In the second half of the book the author gives examples from art, culture, society and literature that show how this brain arrangement has weaknesses and has failed in various ways in human history. Without the left brain, civilization would be impossible but ideally the left and the right brains, different and in some ways conflicting, should complement and keep a check of each other.
The problems arise when the detached and abstract left brain sees itself as the ‘master’ rather than ’emissary’ and so we miss the holistic and profound.
As I read this fascinating book, I was left with one simple conclusion – there is no doubt that the majority of ADHD people are significantly more dominantly right-brained than left.
My experience with other ADHD adults have always shown tendency towards the right-brain domains such as big-picture seeing, humour, emotions, creativity, invention and empathy and have often shown problems in the left-brained domains such as making decisions, narrow-focus and disregarding facts to suit!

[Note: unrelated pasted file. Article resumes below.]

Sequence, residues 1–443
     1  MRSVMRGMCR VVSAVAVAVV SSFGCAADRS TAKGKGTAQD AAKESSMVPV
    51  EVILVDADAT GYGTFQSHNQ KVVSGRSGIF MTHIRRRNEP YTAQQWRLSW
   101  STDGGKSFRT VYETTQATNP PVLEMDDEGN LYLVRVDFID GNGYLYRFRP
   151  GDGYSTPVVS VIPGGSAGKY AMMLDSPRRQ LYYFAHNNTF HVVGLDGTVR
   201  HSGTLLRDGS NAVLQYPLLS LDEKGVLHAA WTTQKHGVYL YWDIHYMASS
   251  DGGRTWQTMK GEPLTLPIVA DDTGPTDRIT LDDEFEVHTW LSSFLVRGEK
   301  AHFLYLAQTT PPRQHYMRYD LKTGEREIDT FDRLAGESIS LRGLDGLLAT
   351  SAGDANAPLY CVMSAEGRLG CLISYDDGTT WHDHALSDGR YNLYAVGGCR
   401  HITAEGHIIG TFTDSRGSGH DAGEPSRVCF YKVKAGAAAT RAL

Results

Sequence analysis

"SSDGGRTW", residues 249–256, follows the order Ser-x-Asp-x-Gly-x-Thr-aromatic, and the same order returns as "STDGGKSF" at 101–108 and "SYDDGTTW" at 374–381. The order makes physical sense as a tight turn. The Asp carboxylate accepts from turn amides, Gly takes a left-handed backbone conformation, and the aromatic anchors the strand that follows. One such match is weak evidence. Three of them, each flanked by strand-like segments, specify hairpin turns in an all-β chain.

It’s significant that the right-brain is more neurologically tightly connected and uses nor-adrenaline/nor-epinephrine for communications. The left brain has further distances to travel and with dopamine for communications. Most medical research implicates dopamine as the primary “faulty” neurotransmitter at issue in ADHD. So there is poor dopamine signalling, it’s not surprising that ADHD people would use the easier to access right brain, than their weaker signalling and slower left.
In ADHD with a less-dominant left brain there is a struggle to focus on detail, lessened self-interest, a reduced sense of purpose to organise and control. Yet with a dominant right-brain with ADHD, there is a profound sense of emotion, a greater breadth, flexibility and generosity, an experience of time as a continuum, a strong response to music, poetry, the spiritual and moral dimensions.
More research is needed!